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The Baker's Apprentice: A Novel Paperback – March 14, 2006
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Top Customer Reviews
Wynter is waiting on her divorce settlement and is strapped for cash, having borrowed $15,000 from her mother to become a partner in the bakery. Although the sex is great, her sometime boyfriend Mac is experiencing personal (emotional) problems, and splits for Alaska to rewrite his rejected manuscript. Things at work are well nigh unbearable: new cake decorator Maggie and barista Tyler are engaged in a perpetual war against each other, creating tension and worse. Wynter is left to pick up the pieces, and after Linda retires, Tyler is made a baker's apprentice in her place. Surprisingly, the artistic Tyler proves a quick study. Wynter is offered the chance to return to Toulouse to visit the bakery where she had a fateful internship in college, hoping to learn new bread wisdom from the master baker she once dreamed of seducing.
There are several mouthwatering recipes included (Hazelnut Cappuccino Scones, Tyler's Indian Maiden Bread, fouace aux noix), and Hendricks' lush descriptions of the process of baking, baked goods, and the luscious dinners that Wynter whips up borders on food porn. However, the plot slows to a crawl at times, with too much of the book devoted to Mac's narrations of life in Beaverton, Yukon Territories.Read more ›
To me, this book reads like a jumbled mix of everything that was edited out of the first book. The pace is frustratingly slow and not much gets resolved. For example: the whole divorce issue, which was core in the first book, peters out as if the author is tired of discussing it.
As more of a minor but irritating point: not one person is happy in the entire book. Every employee has a personal crisis (none of which are resolved or moved forward) and the book ends very abruptly.
So, I'm ticked that I bought -- and read -- what amounts to the author's cast-off notes from _Bread Alone_. I kept hoping the story would get better but it never did. My mistake was not sticking to the "library strategy".
But things start falling apart, bit by bit. One of the bakery's workers, blue-haired waif Tyler, attempts to make the new cake designer look bad, and ends up damaging the bakery's reputation. When Wynter agrees to take on a bread baker's apprentice during her night shift, she's dismayed when troubled Tyler steps into the role. Soon Tyler is smoking pot during her shift and complaining about having to do routine chores such as cleaning equipment and measuring flour.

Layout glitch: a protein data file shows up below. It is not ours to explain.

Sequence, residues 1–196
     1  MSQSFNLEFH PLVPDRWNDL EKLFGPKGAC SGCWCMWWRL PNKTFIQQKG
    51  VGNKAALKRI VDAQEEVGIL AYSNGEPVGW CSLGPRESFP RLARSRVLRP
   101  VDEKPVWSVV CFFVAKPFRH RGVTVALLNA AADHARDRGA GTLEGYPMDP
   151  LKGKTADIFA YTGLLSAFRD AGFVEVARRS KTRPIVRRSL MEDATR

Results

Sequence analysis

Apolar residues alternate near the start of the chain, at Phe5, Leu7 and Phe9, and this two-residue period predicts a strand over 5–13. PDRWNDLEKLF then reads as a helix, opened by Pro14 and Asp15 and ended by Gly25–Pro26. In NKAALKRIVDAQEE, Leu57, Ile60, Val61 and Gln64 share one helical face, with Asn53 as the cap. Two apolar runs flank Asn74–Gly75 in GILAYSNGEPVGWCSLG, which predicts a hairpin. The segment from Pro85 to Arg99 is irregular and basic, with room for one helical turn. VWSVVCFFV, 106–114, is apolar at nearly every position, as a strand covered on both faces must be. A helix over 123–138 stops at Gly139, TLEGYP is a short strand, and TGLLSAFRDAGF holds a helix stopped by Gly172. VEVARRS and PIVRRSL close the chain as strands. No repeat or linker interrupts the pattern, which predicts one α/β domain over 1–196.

Wynter begins to be bothered by certain aspects of her relationship with Mac. She wonders why Mac refuses to talk to her about his childhood and why the role he assumes among her friends strikes her as false. When Wynter asks Mac to go home to her mother's with her at Christmas, she knows he won't come --- and he doesn't. Their own Christmas celebration is a disheartening bust. Needless to say, Mac never utters the words "relationship" or "commitment."
Wynter develops tendonitis in her wrist. With bread making impossible, can she rely on Tyler? Well --- yes, as a matter of fact. Tyler amazes Wynter by rapidly becoming an expert and enraptured bread maker. This cheers Wynter in the face of her continuing divorce problems and her accompanying financial woes.
Mac heads into the sunset suddenly, stating he needs time to himself. His meandering plus car troubles land him in the Yukon, where he writes strangely impersonal letters to Wynter.Read more ›
Not only does the author mess with the characters but she also messes with the setting. Queen Street Bakery along with several other businesses on the street are in danger of closing due to rising rents ant gentrification. I don't want to reveal the whole story so I will stop here.
I feel that the author had too many plot lines running through this story and none of them were successfully resolved by the end of the book. Some of them did not even advance the story of the book. Will Wyn ever get her money settlement from her philandering husband or will he and his second wife manage to hide or lose all assets before she gets her money? Will Mac and Wyn make it as a couple? Will Tyler be able to find her own way in the world or will she self destruct? Will Wyn return to LA to live and be near her childhood friend CM? Will Mac's book sell? Will CM find true love? Is the author going to write another book that will answer these questions? I don't know. I only know that I feel cheated with so many unanswered questions.
I think that if someone read this book first, they would not only be very confused but cheated of the warmth of what was the Queen Street Bakery.
Most Recent Customer Reviews
I enjoyed this book. It needs to be read in sequence, but I enjoyed the journey with these characters!Published 3 days ago by Amazon Customer
Quick read, the ending was abrupt..reading along and then nothing more..other wise it was an ok read, wouldn't reread so will delete out of my library...Published 3 days ago by D. M. Pereira
enjoyed the story line...it kept my attention, and of course made we want to read the Baker's Blues..Published 2 months ago by tiscally
Again, a book I can't put down. Intriguing characters, scenery of place and descriptions of bakery creations make this food for my soul.Published 2 months ago by grullablonde
The only thing I really didn't care for was the fact that, for a former "society wife", Wyn was awfully socially awkward!Published 3 months ago by Jennifer Terry
I enjoyed the first book Bread Alone and this follow-up was good. I recommend this only if you read the first book.Published 4 months ago by Kathie Ryan
Writing a wonderful book such as "Bread Alone" your first time at bat gets you a publisher and other goodies, but you set yourself up for comparisons and I think that has... Read morePublished 10 months ago by Anne Clark